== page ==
For the original article in Portuguese by Caio Quero on BBC Brasil click here.
The creation of shopping malls in Rio’s favelas may reinforce the distance between these communities and the rest of the city, in addition to increasing the social differences among residents of these neighborhoods.
This is the opinion of Itamar Silva, director of the Brazilian Institute of Social and Economic Analysis (IBASE) and a resident of the Santa Marta favela, located in Rio’s South Zone. According to him, relations in favelas are traditionally characterized by open circulation, thus the creation of malls in these neighborhoods may create divisions.
“I am critical of these projects because if we follow the model of malls that we are familiar with, they are restricting, some have more freedom than others… A new class may emerge, where people begin to feel more powerful and valued as they are able to purchase something in a particular store within the favela. This will create a distinction amongst the poor… some will be able to afford to shop at the mall, but many will not and will therefore find themselves left out,” says Silva.
Referring to cases of discrimination experienced by black and poorer people in traditional shopping malls, he wonders if the same could happen in these new developments, like the one opening at the end of the year in Complexo de Alemão. The mall is the result of a partnership between CUFA founder Celso Athayde’s Favela Holding (FHolding) group, and UAI, a shopping mall chain from the state of Minas Gerais.
“You’re going to put something similar to a castle within these neighborhoods and surround them with security guards… My question is: how will the mall security guards behave towards the poor people who live in the community but do not have the means to purchase items from these stores?”
In Silva’s opinion, the creation of malls in favelas could create a distance between the favela and the rest of the city. “Some may say: ‘Now that you have your own mall, why do you need to come to ours?’ Is this the message?”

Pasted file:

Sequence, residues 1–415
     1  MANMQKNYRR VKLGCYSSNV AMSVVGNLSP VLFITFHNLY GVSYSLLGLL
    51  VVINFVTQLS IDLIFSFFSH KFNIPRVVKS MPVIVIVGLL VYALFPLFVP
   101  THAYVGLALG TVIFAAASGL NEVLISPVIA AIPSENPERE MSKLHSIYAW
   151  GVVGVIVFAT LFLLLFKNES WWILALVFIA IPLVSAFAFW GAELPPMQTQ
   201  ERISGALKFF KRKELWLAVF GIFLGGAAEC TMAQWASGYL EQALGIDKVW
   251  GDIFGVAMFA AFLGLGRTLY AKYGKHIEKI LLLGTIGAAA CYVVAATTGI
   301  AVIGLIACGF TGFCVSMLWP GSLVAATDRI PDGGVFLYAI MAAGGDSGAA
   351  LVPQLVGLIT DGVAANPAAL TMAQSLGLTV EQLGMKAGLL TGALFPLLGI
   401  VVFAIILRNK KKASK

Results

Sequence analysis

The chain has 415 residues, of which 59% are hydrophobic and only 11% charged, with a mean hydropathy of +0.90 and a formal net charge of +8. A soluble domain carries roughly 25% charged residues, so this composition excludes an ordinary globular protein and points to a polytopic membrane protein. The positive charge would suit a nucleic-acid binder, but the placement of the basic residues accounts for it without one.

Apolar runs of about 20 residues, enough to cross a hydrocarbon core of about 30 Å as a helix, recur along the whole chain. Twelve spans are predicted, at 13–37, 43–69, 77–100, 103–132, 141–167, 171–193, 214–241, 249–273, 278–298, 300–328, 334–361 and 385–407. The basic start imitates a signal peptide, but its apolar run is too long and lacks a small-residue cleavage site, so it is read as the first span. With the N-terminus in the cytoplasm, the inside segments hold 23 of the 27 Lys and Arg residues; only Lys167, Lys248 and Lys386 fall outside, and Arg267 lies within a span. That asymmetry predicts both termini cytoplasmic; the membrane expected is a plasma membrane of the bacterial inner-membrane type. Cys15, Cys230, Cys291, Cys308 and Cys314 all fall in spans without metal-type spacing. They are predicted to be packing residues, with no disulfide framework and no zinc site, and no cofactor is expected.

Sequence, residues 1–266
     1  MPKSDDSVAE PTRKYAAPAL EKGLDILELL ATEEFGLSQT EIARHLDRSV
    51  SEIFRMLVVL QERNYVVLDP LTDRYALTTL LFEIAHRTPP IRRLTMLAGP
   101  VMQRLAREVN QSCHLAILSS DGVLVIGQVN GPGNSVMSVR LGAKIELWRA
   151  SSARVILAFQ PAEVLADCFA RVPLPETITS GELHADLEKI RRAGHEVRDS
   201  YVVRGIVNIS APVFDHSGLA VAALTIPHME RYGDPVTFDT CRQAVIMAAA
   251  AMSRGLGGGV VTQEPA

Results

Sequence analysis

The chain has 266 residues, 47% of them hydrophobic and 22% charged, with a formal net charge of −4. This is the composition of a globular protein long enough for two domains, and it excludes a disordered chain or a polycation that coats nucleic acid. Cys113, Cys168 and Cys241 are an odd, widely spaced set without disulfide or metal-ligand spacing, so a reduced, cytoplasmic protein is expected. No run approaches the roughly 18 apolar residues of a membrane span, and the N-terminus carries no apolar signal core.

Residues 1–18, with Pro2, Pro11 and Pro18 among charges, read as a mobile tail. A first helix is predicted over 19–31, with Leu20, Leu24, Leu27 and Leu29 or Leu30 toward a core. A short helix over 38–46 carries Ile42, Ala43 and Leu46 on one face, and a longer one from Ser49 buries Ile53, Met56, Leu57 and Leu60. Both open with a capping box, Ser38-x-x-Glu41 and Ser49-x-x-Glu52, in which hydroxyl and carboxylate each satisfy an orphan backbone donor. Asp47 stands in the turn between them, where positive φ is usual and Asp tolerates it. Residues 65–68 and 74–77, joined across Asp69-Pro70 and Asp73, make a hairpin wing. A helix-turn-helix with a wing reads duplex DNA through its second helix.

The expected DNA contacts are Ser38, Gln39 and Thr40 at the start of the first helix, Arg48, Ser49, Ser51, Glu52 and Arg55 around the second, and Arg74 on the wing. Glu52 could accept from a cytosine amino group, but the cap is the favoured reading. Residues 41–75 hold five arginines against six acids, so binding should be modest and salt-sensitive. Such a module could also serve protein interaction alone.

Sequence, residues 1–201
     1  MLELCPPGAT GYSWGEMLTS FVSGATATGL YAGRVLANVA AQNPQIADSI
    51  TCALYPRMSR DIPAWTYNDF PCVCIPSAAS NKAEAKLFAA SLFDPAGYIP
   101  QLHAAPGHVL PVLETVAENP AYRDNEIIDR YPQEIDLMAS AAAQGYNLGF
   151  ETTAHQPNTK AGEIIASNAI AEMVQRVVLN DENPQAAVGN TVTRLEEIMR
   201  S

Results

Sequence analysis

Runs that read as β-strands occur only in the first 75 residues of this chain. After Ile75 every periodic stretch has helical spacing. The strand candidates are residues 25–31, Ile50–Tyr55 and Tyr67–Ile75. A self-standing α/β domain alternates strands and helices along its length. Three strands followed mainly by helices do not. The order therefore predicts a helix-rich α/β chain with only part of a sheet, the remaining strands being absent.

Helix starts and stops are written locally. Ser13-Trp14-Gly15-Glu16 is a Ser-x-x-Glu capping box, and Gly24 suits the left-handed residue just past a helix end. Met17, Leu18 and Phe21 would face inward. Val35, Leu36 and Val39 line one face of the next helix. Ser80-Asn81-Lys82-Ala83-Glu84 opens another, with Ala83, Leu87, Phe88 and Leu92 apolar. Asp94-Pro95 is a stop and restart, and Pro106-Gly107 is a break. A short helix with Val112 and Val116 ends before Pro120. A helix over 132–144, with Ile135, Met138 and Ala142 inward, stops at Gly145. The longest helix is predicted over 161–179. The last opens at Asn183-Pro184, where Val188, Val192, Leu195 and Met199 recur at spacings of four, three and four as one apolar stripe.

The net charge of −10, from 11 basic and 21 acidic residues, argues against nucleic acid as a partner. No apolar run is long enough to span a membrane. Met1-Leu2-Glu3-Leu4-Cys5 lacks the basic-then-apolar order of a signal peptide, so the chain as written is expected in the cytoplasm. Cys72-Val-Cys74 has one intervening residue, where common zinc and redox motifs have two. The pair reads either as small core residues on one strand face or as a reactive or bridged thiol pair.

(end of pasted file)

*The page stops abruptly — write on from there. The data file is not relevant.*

On the other hand, geographer Jailson de Souza e Silva, a professor at the Federal Fluminese University as well as coordinator of the NGO Favela Observatory, sees Athayde’s proposal that favela residents operate 60% of the mall’s stores as innovative.
“This major innovation is Celso Athayde and his partners’ desire to create a means by which current and potential business owners in the favelas can achieve the conditions necessary to succeed, and to be able to effectively expand and ensure the continued success of their business. This is the unique part of this innovation,” he says.
Souza e Silva argues, however, that in order for this proposal to succeed, it is necessary for residents and merchants to have access to credit, education and training so they can compete on par with other entrepreneurs.
“Favelas cannot be transformed into solely a space of consumption; it also has to be a space of production and employment. This is a challenge that concerns everyone who works in these neighborhoods. Not just for businessmen and the market, but also for the State, which must be called on to participate in this process, as well as civil society,” he says.